California Housing Boom or Bubble?

For the people who don’t live in California, you may be thinking that I got to be joking to have a gain of $260K on a small condominium, which can be more than the price of a single family house in some other states. But for the people in California who are not home owners of a single family house, this is a harsh reality that they need to face everyday. Most people can’t ever make up the wealth gap of $300K to even $600K comparing to the lucky homeowners.

For the people who argue for the continuing of the housing boom, their list of upside reasons is endless: California has very good weather, plentiful jobs and diversified economic growth, increasing population & immigration, etc. But none of them can tell me why the housing price was half or even a quarter of the current price eight years ago, when everything that they claim was also true six years ago. It’s almost like saying that group A (in 2000) took a placebo pill (which is the good weather & economy), and that group B (in 2006) also takes a placebo pill, but group B recovered from the disease, mainly because of the effectiveness of the placebo.

To me, I believe that the single most influential factor was the interest rate cuts by US Federal Reserve. The list of why California is better may help the boom compared to mid-west, but is definitely not the direct reason. Without holding the short-term interest rate at 1% for more than 1 year, real estate wouldn’t never go as high as it did without any doubt.

I’m personally in the bubble camp for 6 years and counting. The entire process of watching the house that I really want to buy for my family, to keep going up without an end in sight, has been simply tormenting. I wish 6 years ago I was either wealthier or had my current salary. Everytime when my networth finally increased by another $100K, the housing price simply has gone up by more than that amount.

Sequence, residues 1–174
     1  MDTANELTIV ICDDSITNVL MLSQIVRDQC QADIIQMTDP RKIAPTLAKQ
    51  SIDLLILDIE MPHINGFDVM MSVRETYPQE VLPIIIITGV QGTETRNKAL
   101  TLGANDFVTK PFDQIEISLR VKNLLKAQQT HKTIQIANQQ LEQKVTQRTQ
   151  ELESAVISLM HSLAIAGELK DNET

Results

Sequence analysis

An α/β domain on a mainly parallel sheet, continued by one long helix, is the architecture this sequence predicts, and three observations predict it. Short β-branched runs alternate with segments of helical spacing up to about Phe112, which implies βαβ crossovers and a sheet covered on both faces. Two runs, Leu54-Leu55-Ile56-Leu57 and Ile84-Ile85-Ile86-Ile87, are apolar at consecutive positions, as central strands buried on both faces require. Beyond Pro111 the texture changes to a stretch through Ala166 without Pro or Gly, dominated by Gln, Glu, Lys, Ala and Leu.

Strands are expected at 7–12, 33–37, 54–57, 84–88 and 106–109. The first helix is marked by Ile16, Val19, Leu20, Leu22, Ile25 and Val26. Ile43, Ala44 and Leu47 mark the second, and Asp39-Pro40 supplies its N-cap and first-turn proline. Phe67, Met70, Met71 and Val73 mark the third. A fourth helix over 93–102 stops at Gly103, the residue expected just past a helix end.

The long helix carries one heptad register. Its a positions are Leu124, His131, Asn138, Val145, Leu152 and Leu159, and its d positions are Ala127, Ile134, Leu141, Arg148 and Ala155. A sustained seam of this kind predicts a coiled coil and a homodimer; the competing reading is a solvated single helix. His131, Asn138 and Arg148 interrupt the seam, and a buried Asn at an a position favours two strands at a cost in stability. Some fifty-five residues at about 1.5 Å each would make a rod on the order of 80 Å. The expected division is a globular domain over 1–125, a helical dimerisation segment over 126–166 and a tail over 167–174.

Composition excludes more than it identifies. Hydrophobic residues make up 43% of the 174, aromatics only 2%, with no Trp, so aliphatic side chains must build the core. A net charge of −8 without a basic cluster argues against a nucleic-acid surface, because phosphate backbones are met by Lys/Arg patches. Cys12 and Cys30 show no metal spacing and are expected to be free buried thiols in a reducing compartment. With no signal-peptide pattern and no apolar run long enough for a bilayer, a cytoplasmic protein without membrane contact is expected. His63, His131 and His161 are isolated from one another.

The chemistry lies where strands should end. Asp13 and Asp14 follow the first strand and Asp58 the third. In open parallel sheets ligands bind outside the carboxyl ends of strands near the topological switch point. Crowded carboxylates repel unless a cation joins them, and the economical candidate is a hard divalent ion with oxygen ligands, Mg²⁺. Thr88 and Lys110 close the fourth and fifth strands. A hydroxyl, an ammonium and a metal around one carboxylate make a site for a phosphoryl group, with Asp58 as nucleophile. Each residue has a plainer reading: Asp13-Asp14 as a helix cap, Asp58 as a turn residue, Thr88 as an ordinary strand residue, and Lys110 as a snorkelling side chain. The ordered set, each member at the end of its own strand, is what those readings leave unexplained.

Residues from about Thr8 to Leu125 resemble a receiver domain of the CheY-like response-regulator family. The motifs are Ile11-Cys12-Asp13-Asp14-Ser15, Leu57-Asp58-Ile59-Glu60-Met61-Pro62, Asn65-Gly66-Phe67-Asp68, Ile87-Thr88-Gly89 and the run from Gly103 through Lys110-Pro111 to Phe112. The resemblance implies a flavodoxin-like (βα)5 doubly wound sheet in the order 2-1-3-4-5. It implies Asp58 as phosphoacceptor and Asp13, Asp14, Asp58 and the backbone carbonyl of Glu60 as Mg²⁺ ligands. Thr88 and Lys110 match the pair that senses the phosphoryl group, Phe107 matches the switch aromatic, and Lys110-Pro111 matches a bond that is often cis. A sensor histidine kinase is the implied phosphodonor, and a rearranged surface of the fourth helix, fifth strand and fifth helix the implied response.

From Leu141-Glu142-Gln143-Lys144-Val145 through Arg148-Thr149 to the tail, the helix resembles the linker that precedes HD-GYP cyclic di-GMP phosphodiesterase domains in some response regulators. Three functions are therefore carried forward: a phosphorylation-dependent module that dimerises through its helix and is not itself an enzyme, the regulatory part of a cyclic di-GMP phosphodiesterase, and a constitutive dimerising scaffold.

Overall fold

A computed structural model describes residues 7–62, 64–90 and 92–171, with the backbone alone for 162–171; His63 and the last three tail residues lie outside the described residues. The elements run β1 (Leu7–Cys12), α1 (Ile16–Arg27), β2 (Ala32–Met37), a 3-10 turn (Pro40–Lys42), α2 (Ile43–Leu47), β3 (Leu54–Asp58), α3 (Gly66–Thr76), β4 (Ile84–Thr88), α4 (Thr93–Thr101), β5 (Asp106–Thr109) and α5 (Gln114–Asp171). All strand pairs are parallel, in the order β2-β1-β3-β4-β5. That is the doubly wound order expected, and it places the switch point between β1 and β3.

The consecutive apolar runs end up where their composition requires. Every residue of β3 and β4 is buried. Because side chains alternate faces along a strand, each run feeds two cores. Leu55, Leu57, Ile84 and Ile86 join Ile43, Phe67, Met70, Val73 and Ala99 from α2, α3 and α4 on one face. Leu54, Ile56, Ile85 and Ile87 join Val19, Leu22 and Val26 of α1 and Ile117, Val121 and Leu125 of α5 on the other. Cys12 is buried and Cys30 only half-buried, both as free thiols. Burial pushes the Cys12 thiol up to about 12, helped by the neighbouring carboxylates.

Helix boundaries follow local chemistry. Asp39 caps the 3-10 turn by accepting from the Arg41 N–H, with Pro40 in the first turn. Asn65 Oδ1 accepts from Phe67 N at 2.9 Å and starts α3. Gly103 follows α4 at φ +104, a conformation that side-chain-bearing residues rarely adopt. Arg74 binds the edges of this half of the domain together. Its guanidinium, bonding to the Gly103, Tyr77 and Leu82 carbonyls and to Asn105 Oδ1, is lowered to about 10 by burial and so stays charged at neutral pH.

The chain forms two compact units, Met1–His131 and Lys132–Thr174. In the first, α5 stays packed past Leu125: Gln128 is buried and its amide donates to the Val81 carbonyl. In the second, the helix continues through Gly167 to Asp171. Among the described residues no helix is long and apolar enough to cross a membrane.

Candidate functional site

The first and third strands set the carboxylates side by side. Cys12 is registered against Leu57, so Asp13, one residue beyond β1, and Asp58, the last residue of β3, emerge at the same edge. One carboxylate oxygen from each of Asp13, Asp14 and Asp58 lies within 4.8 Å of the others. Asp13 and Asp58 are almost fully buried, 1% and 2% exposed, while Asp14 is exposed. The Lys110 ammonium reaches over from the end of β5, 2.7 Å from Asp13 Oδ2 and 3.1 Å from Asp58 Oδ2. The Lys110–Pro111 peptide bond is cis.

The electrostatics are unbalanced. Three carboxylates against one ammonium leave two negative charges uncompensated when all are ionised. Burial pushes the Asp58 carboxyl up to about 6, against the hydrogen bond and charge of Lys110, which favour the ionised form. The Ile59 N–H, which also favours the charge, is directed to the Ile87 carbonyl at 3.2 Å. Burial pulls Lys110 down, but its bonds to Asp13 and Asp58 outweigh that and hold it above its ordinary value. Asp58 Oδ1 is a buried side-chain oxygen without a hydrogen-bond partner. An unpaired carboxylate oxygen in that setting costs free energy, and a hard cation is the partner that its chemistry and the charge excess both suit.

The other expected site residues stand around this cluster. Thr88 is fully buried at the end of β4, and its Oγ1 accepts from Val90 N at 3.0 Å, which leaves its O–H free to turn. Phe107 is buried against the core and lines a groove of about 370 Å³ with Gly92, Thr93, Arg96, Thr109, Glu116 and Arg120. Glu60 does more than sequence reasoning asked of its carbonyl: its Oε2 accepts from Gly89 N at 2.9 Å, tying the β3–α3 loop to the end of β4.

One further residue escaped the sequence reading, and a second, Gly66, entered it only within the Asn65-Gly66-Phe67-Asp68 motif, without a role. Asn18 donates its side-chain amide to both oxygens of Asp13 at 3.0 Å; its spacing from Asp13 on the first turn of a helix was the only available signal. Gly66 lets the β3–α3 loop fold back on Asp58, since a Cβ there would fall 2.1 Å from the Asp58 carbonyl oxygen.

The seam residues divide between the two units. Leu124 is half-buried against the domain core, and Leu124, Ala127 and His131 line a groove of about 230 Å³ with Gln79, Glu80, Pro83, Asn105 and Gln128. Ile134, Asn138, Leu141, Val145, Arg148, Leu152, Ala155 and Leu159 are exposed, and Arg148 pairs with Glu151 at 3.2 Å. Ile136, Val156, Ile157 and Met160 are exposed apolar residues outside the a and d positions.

So when will the housing stop going up, or will it? According to Didier Sornette, the author of “Why stock markets crash”, his prediction is this year in mid-2006:

Or click on “Is There a Real-Estate Bubble in the US?” at his web page:

I don’t know if it’s true, but his theory on the mathematical behavior of an unsustainable bubble is the one of the most interesting readings so far that I’ve come across.

Markets can be temporarily (or for a long time) out-of-synced with the fundamentals. The market price is always the fair price at the current moment between buyers and sellers, but that does not preclude one to come up with a valuation measure on its price. I’ve constructed a comprehensive housing valuation calculator to objectively assess the price against the owner’s equivalent rent (which is used in CPI or Consumer Price Index calculation). I don’t know how much fudging the bureau of labor statistics has done in the housing component of CPI. But certainly housing price has out-paced the owner’s equivalent rent used in CPI, when almost 70% of the people are home owners, and only 30% are renters. Talk about fudging CPI. If they start to switch over to use housing price while it’s in decline, they can certainly produce even lower CPI both at going-up and going-down of the housing market.


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